• Offing the Offspring: A particularly upsetting variant.
  • Off-into-the-Distance Ending: Subverted. At the end, the protagonists ride away around a bend in the road — and then there is one more sentence about what happened to them around the next bend to make the point that just because the story ends here doesn't mean the characters have nothing left to do with their lives.
  • Offstage Villainy: All of Brandin's evil deeds occurred years before the book even starts. We'd never know he was supposed to be evil if those actions didn't have repercussions in the present.
  • Parental Favoritism: Brandin loved his younger son Stevan more than his eldest and heir Girald, to an absurd degree. As Isolla of Ygrath puts it...
    Isolla: You exalted a dead child above a living one, and revenge above your wife. And more highly than your own land. Have you spared a thought, a fraction of a thought, for any of them while you pursued your unnatural vengeance for Stevan?
  • Please Select New City Name: Brandin renaming Tigana to Lower Corte is a major driving force in the main plot. He magically erases the name Tigana from the consciousness of anyone who didn't live there when it was Tigana, so that it seems the name, and the memory of the city-state, is destined to die with that generation.
  • Redemption Equals Death
  • Revenge Before Reason: Brandin. Even his wife thinks he's taken it too far. His quest for revenge for his son Stevan is unending - even though Brandin started the war in which he died, and Stevan, furthermore, was a soldier - not a helpless innocent killed in the crossfire. Up to the very last, when he exhausts his magic entirely, he's most upset about the fact that his revenge will be incomplete.
  • Rightful King Returns
  • Royal Harem: Brandin has one, called a saishan. One of the concubines, Dianora, is actually planning to kill Brandin in revenge for what he did to Tigana, but changes her mind.
  • Stupidity-Inducing Attack: The Court Fool creation process, providing a Ygrathi king's least favourite enemies with a particularly nasty Fate Worse Than Death. As Brandin found out, though, it only works so long as you've got enough magic to sustain it, and once you're out of magic, your revenge is standing close at hand, whole in mind, and very angry.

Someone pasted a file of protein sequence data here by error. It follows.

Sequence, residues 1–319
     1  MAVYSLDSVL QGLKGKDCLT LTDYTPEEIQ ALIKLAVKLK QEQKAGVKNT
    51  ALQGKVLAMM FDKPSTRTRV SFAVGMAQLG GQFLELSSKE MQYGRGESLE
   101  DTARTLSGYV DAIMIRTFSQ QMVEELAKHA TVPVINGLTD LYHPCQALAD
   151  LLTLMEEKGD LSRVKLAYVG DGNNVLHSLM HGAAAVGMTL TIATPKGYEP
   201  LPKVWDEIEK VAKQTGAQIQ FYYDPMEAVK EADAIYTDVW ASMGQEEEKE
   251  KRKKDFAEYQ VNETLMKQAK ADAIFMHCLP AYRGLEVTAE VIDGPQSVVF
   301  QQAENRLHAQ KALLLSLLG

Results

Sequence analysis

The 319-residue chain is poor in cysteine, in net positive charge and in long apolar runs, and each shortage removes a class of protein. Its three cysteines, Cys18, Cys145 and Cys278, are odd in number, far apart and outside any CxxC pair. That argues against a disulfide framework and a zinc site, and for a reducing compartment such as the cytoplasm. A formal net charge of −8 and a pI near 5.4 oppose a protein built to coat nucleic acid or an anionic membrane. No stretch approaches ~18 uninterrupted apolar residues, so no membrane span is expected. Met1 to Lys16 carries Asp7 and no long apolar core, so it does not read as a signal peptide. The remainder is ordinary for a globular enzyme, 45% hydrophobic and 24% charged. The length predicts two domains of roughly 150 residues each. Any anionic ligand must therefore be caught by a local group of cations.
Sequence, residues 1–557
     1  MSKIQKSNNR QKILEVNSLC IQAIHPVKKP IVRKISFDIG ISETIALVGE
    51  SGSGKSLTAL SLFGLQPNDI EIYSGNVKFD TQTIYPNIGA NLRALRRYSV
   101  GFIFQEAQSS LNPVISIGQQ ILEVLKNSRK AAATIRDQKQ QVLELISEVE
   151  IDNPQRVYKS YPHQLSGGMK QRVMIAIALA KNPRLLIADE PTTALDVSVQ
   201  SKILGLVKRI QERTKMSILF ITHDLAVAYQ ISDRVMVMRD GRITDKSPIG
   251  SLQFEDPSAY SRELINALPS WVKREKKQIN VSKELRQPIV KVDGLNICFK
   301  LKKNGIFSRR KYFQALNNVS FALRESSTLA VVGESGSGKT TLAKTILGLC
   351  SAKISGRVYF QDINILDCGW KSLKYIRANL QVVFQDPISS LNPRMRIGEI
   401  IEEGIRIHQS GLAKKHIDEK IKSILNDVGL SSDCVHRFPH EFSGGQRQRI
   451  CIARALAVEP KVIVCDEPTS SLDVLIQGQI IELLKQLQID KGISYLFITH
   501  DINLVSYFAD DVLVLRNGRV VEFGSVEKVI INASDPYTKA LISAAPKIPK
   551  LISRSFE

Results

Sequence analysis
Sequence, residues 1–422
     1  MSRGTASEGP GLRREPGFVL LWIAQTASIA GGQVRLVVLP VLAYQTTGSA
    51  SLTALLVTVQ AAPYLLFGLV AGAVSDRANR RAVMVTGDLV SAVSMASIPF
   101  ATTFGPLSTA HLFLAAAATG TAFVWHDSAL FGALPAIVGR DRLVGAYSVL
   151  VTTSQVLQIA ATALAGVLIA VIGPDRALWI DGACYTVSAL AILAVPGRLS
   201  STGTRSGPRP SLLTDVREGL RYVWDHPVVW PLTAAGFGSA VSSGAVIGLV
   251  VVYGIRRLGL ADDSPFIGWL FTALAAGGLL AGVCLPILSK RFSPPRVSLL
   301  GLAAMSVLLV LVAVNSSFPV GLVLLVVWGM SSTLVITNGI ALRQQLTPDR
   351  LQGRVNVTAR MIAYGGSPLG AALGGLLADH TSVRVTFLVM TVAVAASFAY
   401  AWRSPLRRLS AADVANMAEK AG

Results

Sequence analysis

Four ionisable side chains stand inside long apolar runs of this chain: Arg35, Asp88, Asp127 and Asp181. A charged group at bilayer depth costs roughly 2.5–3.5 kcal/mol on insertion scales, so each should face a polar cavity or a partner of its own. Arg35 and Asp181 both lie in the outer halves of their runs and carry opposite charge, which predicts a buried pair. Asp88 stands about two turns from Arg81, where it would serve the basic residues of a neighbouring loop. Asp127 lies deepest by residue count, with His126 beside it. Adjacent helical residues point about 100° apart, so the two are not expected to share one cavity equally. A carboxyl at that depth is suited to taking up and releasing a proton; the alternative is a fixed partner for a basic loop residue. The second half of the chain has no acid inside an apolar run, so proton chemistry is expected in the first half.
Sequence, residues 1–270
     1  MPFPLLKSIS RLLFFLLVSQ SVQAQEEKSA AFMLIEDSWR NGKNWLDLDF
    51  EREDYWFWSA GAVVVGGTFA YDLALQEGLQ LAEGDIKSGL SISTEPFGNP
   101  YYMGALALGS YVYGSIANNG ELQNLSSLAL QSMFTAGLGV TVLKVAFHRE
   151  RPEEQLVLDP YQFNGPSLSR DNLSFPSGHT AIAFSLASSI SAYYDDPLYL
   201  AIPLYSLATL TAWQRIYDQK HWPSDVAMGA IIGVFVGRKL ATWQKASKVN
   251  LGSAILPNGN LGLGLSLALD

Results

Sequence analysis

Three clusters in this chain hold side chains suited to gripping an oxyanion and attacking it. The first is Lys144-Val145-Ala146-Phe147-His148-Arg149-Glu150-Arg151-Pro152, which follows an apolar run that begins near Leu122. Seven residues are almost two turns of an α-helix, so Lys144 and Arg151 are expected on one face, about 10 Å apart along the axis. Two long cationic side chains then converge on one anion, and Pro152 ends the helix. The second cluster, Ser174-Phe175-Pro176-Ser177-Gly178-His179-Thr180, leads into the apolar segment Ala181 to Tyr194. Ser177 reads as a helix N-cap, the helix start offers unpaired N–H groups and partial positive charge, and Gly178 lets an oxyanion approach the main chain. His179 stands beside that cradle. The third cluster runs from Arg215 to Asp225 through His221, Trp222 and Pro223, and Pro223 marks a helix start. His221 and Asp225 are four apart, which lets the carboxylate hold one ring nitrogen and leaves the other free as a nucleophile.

• Thanatos Gambit: Sandre's death and subsequent funeral at first appears to be this, with the twist that Sandre is actually Faking the Dead. Later Catriana invokes this trope when she assassinates Anghiar and jumps to what she assumes to be her death. It doesn't take.
  • The Good, the Bad, and the Evil: Alessan and the Tigana rebels are the Good, Brandin and the Ygrath are the Bad, and Alberico and the Barbadians are the Evil.
  • The Greatest Story Never Told: No one will ever know who Dianora really was and her original mission - not even her only surviving family. No one will ever know the true identity of Brandin's Fool. Only one man, Scelto, realizes these truths, and he decides that revealing the truth would help no one, and he keeps them secret for the sake of peace.
  • Twist Ending: Of the Snap Ending variety on the very last paragraph. Possibly, anyway, since we never discover which of the three got which fate.
    • To elaborate: many chapters before, Dianora sees a riselka (a fairy-like creature, something like a banshee). She repeats to herself the old prophecy about the riselka, including the lines "one woman sees a riselka / her path comes clear to her" and "three men see a riselka / one is blessed, one forks [comes to a crossroads in his life], one shall die". At the very end of the book, Sandre, Baerd and Devin are walking to meet Marius when they spot a riselka sitting by the side of the path. It's left up to the reader who gets what part of the prophecy.
  • Unperson: Performed on the entire country of Tigana, kicking off the novel's plot. Word of God says that the author was inspired to write the story by the instances of this during the Soviet purges.
  • Wacky Wayside Tribe: Possibly the Night Walkers. On the one hand, they pop up with no foreshadowing whatsoever, and receive little mention afterwards. On the other, they provide significant Character Development for one member of the heroes' party, as well as showing that there are rather more serious, immediate reasons to restore Tigana than just addressing past grievances.
  • Weird Moon: Two of them, one white, one blue.
  • What the Hell, Hero?: Kay explores this motif, having his heroes take several morally dubious choices in their quest. Were they justified by necessity? It's up to the reader.
  • Your Head Asplode: Isolla of Ygrath, following an attempted assassination on Brandin. It's awful.